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"Looking Under the Hood" of the State Farm Katrina Settlement



Via Rossmiller, Randy Maniloff has a lengthy article on Judge Senter's rejection of the Katrina settlement (Jan. 27; see also Jan. 23 and earlier Katrina coverage). Highlights plus my comments:

  • The settlement leaves open 200 non-Scruggs Mississippi claims pending in court, as well as those of any opt-outs, meaning State Farm's liability wasn't even being capped by the settlement. Maniloff doesn't mention it, but previous mass tort settlements have started a feeding frenzy where lawyers will have an incentive to encourage further opt outs. (Maniloff does not discuss where the statute of limitations fits in to opt-outs: however, if a class is certified, it might imply American Pipe tolling, which could mean that State Farm ends up buying more claims for its trouble than it's settling.)
  • The settlement has put pressure on Louisiana Attorney General to match the price achieved in Mississippi. I note that Jim Donelon hasn't brought the same sort of extortionate illegitimate criminal investigation that Jim Hood did, but State Farm is creating the perverse incentive to do so.
  • Senter denied class certification in Woullard, just as he did in Guice. While settlement class certifications are easier, this is still a hurdle for the parties that probably was not fully contemplated in the drafting of the settlement papers.
  • Maniloff correctly singles out Judge Senter's statement that "I will never approve a procedure that would allow the resolution of claims under standards that are, or may be, different from or contrary to this Court�s prior rulings" as especially problematic. It simply is not the case that parties are required to disregard the possibility of appellate reversal when reaching settlement. One hopes that Senter was simply sloppily referring to the disparate treatment of the Scruggs clients from the unrepresented class members (a not implausible interpretation, given the fact that Senter granted interlocutory appeal in Tuepker), but if Senter is demanding that his decisions be treated as immutable law for any settlement framework, it is difficult to see how the parties can settle until the Fifth Circuit resolves at least some appeals of Senter rulings.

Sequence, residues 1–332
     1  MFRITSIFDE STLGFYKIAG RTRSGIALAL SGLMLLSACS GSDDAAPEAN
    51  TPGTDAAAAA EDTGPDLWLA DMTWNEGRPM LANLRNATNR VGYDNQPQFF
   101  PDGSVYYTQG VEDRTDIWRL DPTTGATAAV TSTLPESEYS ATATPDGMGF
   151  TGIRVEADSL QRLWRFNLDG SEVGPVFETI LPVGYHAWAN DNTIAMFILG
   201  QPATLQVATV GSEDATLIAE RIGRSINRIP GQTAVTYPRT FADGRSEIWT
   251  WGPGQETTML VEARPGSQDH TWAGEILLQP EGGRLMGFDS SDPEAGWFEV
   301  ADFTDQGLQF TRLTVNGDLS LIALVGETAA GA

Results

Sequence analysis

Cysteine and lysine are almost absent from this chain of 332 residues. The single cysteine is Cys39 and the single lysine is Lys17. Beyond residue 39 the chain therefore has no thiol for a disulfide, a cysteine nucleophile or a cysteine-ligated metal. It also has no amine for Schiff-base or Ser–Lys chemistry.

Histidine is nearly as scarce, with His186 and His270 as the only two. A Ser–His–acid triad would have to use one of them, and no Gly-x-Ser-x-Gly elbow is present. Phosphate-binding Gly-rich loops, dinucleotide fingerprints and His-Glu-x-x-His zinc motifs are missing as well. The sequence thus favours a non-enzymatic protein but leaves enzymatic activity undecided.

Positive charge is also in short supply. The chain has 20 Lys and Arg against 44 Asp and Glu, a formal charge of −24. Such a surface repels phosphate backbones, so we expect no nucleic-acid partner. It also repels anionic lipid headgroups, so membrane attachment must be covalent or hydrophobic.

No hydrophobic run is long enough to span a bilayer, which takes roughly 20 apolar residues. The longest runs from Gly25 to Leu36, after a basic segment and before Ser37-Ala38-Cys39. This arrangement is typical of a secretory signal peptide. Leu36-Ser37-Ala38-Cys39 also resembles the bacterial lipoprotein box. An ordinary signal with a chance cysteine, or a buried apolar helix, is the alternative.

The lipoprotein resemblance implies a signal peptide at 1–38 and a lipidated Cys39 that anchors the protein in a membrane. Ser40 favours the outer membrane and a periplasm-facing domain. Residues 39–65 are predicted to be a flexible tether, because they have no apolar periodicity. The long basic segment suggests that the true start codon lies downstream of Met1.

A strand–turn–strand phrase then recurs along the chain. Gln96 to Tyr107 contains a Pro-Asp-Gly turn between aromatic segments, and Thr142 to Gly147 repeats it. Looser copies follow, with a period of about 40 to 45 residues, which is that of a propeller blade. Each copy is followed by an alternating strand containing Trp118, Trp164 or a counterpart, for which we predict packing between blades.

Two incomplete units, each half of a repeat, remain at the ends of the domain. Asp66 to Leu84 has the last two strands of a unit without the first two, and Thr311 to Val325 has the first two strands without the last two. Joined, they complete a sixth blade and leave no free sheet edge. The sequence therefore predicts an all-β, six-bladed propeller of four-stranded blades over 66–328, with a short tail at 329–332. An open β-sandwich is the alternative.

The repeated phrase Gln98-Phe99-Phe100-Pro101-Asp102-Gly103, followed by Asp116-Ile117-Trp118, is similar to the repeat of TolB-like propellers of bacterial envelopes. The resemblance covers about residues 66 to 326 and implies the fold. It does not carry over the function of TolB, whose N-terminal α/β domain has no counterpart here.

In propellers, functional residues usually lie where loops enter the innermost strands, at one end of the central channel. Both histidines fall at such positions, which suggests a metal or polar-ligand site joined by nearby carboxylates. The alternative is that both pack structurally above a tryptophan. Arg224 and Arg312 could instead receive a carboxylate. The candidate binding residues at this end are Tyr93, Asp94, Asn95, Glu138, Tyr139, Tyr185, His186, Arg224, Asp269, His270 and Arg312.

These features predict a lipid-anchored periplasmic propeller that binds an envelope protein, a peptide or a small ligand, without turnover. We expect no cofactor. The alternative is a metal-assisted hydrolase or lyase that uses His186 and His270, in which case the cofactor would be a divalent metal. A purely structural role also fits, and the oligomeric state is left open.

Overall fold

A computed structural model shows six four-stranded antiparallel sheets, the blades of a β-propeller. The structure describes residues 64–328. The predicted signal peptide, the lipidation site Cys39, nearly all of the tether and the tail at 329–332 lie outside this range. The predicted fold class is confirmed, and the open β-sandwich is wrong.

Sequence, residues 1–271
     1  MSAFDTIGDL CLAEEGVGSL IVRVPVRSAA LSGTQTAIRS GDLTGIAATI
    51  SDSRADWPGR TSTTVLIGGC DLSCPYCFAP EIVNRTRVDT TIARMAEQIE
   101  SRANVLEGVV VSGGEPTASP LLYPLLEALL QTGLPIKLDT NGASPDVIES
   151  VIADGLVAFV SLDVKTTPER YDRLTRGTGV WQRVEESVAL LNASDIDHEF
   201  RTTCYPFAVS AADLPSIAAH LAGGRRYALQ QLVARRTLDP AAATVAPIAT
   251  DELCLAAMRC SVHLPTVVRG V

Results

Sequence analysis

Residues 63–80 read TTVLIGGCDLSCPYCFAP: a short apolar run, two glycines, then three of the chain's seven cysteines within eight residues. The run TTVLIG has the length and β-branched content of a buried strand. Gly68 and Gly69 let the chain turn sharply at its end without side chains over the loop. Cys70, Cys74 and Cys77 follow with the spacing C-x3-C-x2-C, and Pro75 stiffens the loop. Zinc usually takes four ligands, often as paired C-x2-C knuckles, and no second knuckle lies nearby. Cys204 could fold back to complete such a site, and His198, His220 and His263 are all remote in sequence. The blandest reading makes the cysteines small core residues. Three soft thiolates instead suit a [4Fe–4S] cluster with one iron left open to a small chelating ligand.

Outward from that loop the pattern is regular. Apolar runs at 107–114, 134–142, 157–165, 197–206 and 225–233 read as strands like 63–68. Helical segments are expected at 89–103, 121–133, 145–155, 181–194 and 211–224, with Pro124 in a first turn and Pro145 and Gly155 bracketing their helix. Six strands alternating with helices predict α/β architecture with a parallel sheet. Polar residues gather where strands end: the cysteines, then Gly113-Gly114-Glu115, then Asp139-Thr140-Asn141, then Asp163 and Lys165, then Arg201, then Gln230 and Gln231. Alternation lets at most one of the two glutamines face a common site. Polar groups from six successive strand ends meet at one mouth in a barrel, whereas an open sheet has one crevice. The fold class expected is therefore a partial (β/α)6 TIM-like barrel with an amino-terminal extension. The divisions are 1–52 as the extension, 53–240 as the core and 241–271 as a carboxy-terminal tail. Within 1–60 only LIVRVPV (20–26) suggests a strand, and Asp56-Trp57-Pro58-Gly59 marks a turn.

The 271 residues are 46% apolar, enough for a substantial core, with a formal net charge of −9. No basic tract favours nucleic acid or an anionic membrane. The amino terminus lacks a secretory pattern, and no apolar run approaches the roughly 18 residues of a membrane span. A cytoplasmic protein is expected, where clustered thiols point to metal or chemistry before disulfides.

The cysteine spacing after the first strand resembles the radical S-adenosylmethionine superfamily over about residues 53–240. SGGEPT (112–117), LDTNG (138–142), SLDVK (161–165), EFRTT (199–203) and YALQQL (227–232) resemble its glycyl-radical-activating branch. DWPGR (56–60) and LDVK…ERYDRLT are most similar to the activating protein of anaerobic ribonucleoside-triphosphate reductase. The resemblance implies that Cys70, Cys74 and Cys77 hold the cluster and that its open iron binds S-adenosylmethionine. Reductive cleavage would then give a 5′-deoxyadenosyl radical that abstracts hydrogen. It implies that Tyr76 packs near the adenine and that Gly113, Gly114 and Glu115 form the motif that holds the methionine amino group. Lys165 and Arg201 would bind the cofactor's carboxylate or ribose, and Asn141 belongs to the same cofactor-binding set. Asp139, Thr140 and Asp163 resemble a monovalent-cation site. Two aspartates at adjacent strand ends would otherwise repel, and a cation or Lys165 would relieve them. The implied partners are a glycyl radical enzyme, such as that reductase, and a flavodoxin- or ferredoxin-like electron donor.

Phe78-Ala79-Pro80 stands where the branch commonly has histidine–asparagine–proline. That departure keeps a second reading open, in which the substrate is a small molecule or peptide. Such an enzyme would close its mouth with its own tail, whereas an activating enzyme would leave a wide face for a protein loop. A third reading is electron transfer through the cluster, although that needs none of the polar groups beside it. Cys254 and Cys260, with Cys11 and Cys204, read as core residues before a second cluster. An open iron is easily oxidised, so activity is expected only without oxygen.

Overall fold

• Speaking of likely reversals, Maniloff is justifiably critical of the Broussard directed verdict (Jan. 12).

 

 


Rafael Mangual
Project Manager,
Legal Policy
rmangual@manhattan-institute.org

Katherine Lazarski
Manhattan Institute
klazarski@manhattan-institute.org

 

Published by the Manhattan Institute

The Manhattan Insitute's Center for Legal Policy.